The point though is that if you leave "attractive nuisances" around you realy do not know where they will end up, or how much damage they will do there if you weaponise them.

rFebruary 14, 2017 7:01 AM

Beacons are the one thing I can think of that can work deeply embedded both during and after distribution and be operated safely behind enemy lines.

Of course, the larger and more complex you make them the better chances they have of being discovered - this is probably why dye bags have timers/proximity sensors whereas gps tags can go further but risk discovery once thumbed through?

Where electronic documents are concerned, beacons are probably one of the simplest if not the most stealthy thing to pre-pair.

Dave DittrichFebruary 14, 2017 6:16 PM

@Michael P, That is not the reason we don’t use Letters of Marque any more. Both you and @Blank Reg may want to use them, but it isn’t possible. We don’t use them because the U.S. is a signatory to Paris Declaration Respecting Maritime Law of 16 April 1856. Now there may be some way to revive a form of this mechanism, but it will require far more details in terms of who, what, where, when, how, and why, than any proposed “framework” or law review article that I have seen to date (including the GWU report mentioned by @Ted).

@Vesselin Bontchev gets to the main issue, which I and my co-authors have framed as “acting outside of your own zone of authority.” (Yes, this often involves unauthorized entry into systems of third parties, some of them innocent third parties.) The issue of botnets (note that I *hate* the term “botnet” because it is overly vague and complicates reasoning) is complex, and not everything you would do can be done within your own network, or your own zone of authority. I would call your attention to this blog post.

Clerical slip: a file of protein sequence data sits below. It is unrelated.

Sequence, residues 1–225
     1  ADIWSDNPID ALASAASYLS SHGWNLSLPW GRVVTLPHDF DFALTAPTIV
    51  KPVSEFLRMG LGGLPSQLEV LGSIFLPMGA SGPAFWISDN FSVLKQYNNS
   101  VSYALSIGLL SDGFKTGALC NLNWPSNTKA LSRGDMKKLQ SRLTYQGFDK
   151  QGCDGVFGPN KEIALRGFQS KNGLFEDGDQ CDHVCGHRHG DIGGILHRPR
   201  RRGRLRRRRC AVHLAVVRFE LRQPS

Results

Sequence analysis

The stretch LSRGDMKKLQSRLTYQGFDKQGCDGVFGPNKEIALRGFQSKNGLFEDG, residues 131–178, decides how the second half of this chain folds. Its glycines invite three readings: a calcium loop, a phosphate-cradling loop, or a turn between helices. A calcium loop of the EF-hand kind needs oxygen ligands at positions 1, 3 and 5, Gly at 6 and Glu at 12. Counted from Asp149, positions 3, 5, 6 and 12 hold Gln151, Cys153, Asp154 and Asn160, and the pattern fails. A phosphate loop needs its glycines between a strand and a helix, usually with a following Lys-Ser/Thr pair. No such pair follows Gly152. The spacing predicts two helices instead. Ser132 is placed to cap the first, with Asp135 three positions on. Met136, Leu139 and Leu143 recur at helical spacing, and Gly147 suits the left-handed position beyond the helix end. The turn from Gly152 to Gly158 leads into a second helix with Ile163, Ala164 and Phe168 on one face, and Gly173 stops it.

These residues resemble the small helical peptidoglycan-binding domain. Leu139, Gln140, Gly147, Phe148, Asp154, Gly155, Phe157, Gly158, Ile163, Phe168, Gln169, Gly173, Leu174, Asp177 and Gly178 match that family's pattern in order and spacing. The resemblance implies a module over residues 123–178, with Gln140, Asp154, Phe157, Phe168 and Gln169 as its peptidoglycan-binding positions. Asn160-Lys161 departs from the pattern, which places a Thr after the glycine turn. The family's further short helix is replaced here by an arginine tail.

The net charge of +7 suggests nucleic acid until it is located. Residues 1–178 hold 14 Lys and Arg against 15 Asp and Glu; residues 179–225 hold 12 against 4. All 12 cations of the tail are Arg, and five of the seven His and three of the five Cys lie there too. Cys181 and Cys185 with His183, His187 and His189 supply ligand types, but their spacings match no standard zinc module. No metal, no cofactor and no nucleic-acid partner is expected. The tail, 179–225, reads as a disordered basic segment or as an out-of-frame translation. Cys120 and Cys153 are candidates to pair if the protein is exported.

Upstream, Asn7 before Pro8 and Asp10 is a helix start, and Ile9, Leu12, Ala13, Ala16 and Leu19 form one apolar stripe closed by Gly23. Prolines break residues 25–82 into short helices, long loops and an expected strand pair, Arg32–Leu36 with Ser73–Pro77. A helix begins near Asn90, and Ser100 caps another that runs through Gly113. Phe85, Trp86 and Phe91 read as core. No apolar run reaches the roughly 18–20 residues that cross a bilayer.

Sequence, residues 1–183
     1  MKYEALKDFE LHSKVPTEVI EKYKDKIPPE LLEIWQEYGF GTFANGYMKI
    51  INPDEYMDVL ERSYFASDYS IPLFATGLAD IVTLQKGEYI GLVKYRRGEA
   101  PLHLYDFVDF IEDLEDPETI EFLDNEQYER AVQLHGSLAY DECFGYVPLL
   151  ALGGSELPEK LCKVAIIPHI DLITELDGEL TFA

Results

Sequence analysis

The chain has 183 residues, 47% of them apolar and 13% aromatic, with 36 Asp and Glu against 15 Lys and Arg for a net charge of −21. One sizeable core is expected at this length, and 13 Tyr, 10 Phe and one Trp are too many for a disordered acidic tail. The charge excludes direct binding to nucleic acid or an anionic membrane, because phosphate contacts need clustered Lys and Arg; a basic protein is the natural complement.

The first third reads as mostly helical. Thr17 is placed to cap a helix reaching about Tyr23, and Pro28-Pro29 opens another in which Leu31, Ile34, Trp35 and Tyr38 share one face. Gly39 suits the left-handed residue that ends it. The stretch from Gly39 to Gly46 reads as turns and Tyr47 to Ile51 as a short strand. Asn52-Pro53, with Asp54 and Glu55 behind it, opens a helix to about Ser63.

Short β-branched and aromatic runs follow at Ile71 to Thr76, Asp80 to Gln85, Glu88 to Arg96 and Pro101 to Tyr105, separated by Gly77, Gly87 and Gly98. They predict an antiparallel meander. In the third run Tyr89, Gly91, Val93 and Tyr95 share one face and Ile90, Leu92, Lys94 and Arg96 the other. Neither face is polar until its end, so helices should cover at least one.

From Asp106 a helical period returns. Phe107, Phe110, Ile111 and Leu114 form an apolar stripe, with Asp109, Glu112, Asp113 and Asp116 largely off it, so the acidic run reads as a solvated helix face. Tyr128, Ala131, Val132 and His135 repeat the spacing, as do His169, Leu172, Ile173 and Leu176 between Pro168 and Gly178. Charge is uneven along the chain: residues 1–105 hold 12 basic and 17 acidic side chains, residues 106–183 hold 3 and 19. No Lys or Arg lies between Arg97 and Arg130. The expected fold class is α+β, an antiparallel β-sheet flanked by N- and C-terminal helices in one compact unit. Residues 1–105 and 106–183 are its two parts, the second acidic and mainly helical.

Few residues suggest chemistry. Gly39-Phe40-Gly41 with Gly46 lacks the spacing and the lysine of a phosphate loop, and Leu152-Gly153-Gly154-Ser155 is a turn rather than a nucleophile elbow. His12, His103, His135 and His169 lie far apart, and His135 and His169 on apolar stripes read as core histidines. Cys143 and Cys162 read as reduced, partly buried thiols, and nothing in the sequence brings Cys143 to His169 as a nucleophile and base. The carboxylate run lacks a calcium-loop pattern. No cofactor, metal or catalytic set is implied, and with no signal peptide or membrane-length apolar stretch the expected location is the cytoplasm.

@Clive Robinson, we don’t allow “proportionate countermeasures” in all cases, especially not use of physical deadly force to protect property. I would hasten to ask, however, what “proportionate countermeasures” are you talking about? The term “countermeasures” has many meanings, one of which in the context of international law is sovereign nations using diplomatic, military, intelligence, economic (sanctions, tariffs), and law enforcement actions. None of those are options available to the private sector, however. I can’t impose a tariff, or put on a uniform and shoot a M16 rifle, at someone who I believe is foreign military officer (though many who argue for “private sector active defense rights” implicitly and falsely analogize). As in the blog post above, private sector actors can use civili legal process, such as temporary restraining orders, under existing western legal regimes. They don’t need any new special rights, just the ability to show harm and standing (i.e., damage occurs within a legal venue where they bring the suit.)